Finch – the official Apple TV+ trailer

Tom Hanks stars as Finch, a robotics engineer and one of the few survivors of a cataclysmic solar event that has left the world a wasteland. But Finch, who has been living in an underground bunker for a decade, has built a world of his own that he shares with his dog, Goodyear. He creates a robot, played by Caleb Landry Jones, to watch over Goodyear when he no longer can. As the trio embarks on a perilous journey into a desolate American West, Finch strives to show his creation, who names himself Jeff, the joy and wonder of what it means to be alive. Their road trip is paved with both challenges and humor, as it’s as difficult for Finch to goad Jeff and Goodyear to get along as it is for him to manage the dangers of the new world.

Finch debuts November 5, 2021, on Apple TV+.

Personally, I can hardly wait!

Josephine Baker to be first Black woman to enter France’s Panthéon


Receiving the Légion d’honneur and the Croix de Guerre

The remains of Josephine Baker, a famed French-American dancer, singer and actor who also worked with the French resistance during the second world war, will be moved to the Panthéon mausoleum in November, according to an aide to President Emmanuel Macron.

It will make Baker, who was born in Missouri in 1906 and buried in Monaco in 1975, the first Black woman to be laid to rest in the hallowed Parisian monument.

“She was an artist, the first Black international star, a muse of the cubists, a resistance fighter during the second world war in the French army, active alongside Martin Luther King in the civil rights fight,” the petition says.

Another member of the campaign group, Pascal Bruckner, said Baker “is a symbol of a France that is not racist, contrary to what some media groups say”, as well as “a true anti-fascist”…

The Panthéon is a memorial complex for great national figures in French history from the world of politics, culture and science.

Josephine Baker was a significant African-American talent in dance, music and film in the United States. A brave anti-fascist fighter in the French Underground during World War 2. Activist in the US civil rights movement.

Richest Americans Can’t Give Money Away Fast Enough


MacKenzie ScottTaylor Hill/FilmMagic

America’s wealthiest have been getting a lot of unsolicited advice lately about their philanthropy, especially since the pandemic inflated the fortunes of the top 0.1% while devastating the broader economy.

Their critics’ loudest complaint: You should be giving your money away much faster.

Since splitting from the world’s richest man in 2019, MacKenzie Scott has shown how it might be done. The ex-wife of Amazon.com Inc. founder Jeff Bezos has donated $8.5 billion in about 12 months, distributing the cash among hundreds of small organizations typically overlooked by big donors.

“It’s really kind of stunning what’s she’s done and how different an approach she’s taken,” said John Arnold, a billionaire hedge fund manager who retired in 2012 to devote himself full-time to philanthropy. “I’m hopeful that more people will follow that model.”

The shower scene…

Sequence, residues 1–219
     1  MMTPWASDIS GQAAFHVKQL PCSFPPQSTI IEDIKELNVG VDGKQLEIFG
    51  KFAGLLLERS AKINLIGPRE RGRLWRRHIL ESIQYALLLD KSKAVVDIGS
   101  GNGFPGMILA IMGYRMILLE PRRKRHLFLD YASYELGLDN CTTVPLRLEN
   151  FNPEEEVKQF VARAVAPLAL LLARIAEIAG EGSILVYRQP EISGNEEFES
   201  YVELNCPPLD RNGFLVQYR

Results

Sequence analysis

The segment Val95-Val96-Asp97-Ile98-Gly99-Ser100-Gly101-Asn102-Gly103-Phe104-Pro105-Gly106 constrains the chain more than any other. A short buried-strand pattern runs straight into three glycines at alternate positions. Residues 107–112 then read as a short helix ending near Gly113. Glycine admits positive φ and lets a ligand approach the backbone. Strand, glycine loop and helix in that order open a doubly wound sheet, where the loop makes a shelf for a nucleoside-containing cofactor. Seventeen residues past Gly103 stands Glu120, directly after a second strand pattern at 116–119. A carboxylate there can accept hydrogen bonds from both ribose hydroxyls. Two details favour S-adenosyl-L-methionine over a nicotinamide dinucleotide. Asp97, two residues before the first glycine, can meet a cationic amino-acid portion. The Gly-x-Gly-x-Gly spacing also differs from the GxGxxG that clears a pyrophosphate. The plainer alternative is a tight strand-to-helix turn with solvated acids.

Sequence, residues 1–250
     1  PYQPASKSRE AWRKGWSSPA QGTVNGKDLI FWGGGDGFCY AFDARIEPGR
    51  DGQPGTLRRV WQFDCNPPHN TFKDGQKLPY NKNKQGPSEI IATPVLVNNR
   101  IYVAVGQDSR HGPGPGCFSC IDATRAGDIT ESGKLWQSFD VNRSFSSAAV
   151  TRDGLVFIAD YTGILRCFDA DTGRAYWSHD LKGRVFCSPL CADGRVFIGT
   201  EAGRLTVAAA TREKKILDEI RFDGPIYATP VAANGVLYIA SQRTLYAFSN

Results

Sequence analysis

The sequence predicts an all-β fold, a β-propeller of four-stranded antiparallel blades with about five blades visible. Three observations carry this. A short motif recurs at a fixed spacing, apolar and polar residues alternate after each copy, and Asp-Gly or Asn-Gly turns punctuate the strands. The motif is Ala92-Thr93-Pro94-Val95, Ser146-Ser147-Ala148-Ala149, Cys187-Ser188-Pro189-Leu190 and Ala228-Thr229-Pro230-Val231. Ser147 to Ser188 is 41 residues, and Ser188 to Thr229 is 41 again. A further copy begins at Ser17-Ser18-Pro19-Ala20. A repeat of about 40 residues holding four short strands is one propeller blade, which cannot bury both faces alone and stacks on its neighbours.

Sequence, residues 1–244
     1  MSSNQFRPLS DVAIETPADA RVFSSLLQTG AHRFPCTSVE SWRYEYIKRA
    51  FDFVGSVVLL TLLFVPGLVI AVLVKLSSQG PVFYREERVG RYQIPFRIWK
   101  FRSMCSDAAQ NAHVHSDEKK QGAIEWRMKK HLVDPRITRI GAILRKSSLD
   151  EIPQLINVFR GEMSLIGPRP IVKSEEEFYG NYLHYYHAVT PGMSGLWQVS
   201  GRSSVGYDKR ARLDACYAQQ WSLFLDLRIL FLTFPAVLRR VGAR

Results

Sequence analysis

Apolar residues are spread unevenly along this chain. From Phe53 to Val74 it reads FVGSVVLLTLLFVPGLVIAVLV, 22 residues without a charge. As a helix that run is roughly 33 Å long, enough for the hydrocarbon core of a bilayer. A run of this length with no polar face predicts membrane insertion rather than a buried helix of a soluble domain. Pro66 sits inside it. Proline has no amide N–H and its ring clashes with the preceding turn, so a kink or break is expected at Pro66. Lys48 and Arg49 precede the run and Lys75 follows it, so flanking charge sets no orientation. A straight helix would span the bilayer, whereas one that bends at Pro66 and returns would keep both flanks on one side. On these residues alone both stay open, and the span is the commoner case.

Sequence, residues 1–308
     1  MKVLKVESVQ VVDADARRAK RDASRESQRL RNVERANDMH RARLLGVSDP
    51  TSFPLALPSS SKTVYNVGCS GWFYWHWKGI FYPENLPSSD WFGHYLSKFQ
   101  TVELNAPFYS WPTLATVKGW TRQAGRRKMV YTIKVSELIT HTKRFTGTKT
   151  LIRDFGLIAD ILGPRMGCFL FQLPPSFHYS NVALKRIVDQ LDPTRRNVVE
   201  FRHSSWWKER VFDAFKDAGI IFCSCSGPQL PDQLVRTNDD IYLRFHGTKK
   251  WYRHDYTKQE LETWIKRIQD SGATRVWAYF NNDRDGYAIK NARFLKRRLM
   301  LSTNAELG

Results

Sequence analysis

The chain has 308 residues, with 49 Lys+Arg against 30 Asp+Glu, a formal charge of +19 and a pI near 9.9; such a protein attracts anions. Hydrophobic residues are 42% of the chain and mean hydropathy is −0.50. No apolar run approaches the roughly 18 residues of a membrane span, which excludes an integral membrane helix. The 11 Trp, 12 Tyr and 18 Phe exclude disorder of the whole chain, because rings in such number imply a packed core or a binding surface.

78/52 documentary

You’ll never look at the shower scene the same way again, says filmmaker Alexandre O. Philippe, whose new documentary, 78/52, lays bare the nuts-and-bolts artistry of that scene from Hitchcock’s Psycho…

The doc’s title refers to the total number of camera setups (78) and cuts (52) in the scene, which itself lasts a mere 45 seconds. It took a whole week to film (a third of the film’s shooting schedule), and it was, as the new film shows, something of an obsession for the master of suspense…

Here are 10 things you (probably) didn’t know about the shower scene…

1. Hitchcock made Psycho because of the shower scene

“When Truffaut asked [Hitchcock] point-blank why he wanted to make Psycho, Hitchcock replied, ‘I think the murder in the bathtub, coming out of the blue, that was about all’,” says Philippe.

Everything else in the movie hinges on that scene, with the doc drawing attention to the visual rhymes that foreshadow it: shots of showerheads appear in the background; the slashing of window wipers in the rain presage the slashing of the knife in the shower. “The movie never really achieves this kind of poetry again,” says Bret Easton Ellis.

9 more to go…

How a train wreck in the 19th Century was recreated for a film…


Gare de l’Ouest train wreck – 1895
This extraordinary accident occurred on October 22, 1895 at Montparnasse, then known as Gare de l’Ouest. The driver of the express train from Granville to Paris, hoping to make up time for its 131 passengers, increased the train’s speed and the air brake failed…Smashing through the track buffers, the express careered across the station concourse, broke through the station wall, and crashed to the street below, where it remained for four days drawing crowds of curious onlookers.

For Martin Scorsese’s Hugo, New Deal Studios created a 1:4 scale train and station facade and street to recreate the 1895 Gare Montparnasse train derailment in Paris…

And here is how they did it.

[As soon as the final crash ends at 4 minutes 24 seconds, hit the cancel button at the bottom … unless you’re interested in several more short train-related videos. The video carries on into that link automagically.]